New Zealand head coach Graham Henry insisted he was not prepared to gamble on the fitness of captain Richie McCaw and full-back Mils Muliaina for the World Cup Pool A clash with Japan in Hamilton.
A minor calf strain means McCaw will now have to wait to become the first All Black to win 100 caps, with hooker Keven Mealamu appointed captain in the openside flanker’s absence.
Muliaina has also been withdrawn from the team with a tight right hamstring, while Israel Dagg (right abdominal strain) is also not available following medical assessment this morning.
The news follows the withdrawal of fly-half Dan Carter (back) and is a precautionary move, with the September 24 clash with France in mind.
Henry said: “They’re minor injuries. We don’t want to make it worse. It would not matter who is playing next week.
“We’d be taking a risk if we played them and we can’t afford to do that.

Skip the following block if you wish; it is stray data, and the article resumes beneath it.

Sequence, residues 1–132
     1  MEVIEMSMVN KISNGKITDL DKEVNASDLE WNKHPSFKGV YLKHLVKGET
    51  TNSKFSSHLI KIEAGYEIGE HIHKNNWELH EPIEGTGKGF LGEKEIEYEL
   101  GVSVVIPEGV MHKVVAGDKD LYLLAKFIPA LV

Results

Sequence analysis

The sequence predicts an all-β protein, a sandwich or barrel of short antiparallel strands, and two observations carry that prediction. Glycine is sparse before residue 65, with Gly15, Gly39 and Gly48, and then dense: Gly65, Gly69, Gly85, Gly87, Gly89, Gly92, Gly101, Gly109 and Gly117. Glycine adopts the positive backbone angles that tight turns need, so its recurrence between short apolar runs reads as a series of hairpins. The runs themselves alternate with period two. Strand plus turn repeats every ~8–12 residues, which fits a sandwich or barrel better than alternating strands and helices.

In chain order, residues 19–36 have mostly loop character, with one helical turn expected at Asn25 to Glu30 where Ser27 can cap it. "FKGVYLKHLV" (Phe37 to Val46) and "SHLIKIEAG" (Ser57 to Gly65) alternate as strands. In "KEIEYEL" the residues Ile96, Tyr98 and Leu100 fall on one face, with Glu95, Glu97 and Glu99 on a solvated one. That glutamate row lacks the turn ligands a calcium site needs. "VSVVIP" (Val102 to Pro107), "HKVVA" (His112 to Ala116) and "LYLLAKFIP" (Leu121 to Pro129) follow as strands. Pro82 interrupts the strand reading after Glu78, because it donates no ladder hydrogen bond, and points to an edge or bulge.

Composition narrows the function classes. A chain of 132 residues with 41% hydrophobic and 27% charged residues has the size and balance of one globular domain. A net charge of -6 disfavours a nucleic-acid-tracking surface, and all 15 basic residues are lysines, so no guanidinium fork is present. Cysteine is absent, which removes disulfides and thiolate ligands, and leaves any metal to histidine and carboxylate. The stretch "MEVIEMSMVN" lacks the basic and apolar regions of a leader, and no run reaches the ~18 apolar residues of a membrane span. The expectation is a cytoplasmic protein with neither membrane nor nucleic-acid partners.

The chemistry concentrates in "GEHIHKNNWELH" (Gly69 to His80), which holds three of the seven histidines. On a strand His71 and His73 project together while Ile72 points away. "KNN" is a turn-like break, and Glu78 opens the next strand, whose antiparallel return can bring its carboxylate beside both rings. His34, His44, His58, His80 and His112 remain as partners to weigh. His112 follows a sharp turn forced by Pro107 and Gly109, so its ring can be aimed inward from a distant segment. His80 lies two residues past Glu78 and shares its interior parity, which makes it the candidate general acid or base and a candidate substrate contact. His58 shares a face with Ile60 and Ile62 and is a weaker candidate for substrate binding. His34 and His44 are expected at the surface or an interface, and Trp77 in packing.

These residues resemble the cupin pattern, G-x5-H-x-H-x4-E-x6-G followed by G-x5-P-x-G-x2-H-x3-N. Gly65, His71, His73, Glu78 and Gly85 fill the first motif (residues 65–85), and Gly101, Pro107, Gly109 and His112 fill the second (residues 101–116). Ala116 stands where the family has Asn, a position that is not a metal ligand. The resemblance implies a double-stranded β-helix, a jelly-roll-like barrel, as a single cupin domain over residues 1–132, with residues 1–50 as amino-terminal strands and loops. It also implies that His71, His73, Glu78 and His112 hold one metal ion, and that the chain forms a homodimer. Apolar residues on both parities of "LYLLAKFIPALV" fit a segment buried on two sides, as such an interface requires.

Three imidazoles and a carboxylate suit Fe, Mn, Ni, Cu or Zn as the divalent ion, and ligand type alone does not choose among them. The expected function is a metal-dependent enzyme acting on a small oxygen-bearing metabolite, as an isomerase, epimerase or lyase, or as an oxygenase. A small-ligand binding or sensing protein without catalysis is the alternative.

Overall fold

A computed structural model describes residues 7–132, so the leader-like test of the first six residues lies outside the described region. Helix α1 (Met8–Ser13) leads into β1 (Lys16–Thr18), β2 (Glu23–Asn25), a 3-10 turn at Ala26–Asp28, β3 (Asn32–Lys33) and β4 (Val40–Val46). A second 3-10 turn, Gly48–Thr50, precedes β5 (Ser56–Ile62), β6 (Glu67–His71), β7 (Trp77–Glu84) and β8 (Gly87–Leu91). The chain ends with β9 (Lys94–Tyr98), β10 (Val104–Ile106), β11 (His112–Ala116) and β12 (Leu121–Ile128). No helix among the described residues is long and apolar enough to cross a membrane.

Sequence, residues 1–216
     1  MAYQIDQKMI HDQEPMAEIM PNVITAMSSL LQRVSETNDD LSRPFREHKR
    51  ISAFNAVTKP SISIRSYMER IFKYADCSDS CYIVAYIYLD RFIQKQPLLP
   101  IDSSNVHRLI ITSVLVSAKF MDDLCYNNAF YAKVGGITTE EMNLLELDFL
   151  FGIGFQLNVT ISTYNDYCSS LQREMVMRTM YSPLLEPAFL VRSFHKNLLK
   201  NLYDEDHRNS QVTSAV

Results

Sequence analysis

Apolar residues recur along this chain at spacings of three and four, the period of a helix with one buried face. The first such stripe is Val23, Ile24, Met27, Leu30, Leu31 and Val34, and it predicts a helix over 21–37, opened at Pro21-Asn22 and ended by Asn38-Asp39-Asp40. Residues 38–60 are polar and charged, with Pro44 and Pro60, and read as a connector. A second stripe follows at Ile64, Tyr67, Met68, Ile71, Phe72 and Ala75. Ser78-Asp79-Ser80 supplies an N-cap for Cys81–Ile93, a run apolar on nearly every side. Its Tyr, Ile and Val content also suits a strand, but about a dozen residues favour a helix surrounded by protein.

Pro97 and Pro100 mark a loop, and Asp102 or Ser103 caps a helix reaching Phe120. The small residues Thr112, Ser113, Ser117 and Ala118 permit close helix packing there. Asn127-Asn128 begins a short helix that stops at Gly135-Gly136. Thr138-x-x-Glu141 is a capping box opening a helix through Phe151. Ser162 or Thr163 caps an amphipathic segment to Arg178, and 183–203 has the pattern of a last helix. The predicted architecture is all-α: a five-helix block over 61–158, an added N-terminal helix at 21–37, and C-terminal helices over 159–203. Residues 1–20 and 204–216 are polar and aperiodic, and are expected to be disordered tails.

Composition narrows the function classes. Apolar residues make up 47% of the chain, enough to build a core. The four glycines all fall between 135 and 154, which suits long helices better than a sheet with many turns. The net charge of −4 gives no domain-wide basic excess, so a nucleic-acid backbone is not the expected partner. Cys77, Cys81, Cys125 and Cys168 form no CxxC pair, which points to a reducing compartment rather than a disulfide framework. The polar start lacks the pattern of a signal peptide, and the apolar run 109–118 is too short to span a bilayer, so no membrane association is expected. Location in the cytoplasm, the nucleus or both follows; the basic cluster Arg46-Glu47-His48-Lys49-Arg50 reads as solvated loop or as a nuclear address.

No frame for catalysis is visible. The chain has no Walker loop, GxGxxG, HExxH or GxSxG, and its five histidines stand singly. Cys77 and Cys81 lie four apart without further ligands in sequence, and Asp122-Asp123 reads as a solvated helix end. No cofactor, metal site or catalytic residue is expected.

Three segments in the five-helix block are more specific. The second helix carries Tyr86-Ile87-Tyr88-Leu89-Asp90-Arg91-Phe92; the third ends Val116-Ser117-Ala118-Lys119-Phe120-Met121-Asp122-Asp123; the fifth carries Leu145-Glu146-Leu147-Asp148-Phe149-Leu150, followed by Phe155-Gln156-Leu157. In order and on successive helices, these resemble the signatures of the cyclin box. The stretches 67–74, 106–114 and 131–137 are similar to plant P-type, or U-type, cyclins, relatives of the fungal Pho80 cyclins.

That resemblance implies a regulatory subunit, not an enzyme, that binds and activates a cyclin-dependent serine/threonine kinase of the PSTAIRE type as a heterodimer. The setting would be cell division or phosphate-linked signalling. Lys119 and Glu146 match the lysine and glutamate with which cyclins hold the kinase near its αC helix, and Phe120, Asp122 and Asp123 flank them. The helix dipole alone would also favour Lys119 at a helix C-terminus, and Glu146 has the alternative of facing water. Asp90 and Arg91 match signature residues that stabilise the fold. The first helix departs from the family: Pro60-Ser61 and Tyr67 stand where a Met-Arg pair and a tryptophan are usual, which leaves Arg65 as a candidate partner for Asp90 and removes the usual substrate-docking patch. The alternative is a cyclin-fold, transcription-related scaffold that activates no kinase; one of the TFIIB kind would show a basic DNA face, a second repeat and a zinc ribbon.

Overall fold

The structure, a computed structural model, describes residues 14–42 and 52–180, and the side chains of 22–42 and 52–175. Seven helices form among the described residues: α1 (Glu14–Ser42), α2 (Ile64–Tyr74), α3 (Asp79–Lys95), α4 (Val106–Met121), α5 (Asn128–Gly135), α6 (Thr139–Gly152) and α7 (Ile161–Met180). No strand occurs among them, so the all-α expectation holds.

“Mils trained most of the session. He’s running at 85%, not 100%. That’s not good enough.”
Isaia Toeava will now start at full-back, Adam Thomson will shift to openside flanker and Victor Vito comes off the bench to start at number eight, with lock Anthony Boric coming onto the bench.
The All Blacks opened the tournament with a 41-10 win over Tonga and are widely expected to romp to victory over Japan before next week’s major bout with France.
Henry added: “I think the biggest thing is to keep on improving. If we improve each game, we’ll be competitive.
“We’re trying to make sure we perfect certain parts of our game.
“We want to play a certain game and play it well. We don’t want the game to get loose and untidy.”
Japan are coached by World Cup-winning All Black John Kirwan.
Kirwan is remaining optimistic of a shock.
He said: “We want to take to the field to win. All the guys want to give it their best shot.
“We want to defend with our hearts on our sleeves. We want to hold on to the ball and play some good football.
“I think that Japan has improved enough for everyone to give us respect.”
A minute’s silence will be observed before the match to honour the victims of the recent earthquakes and tsunami.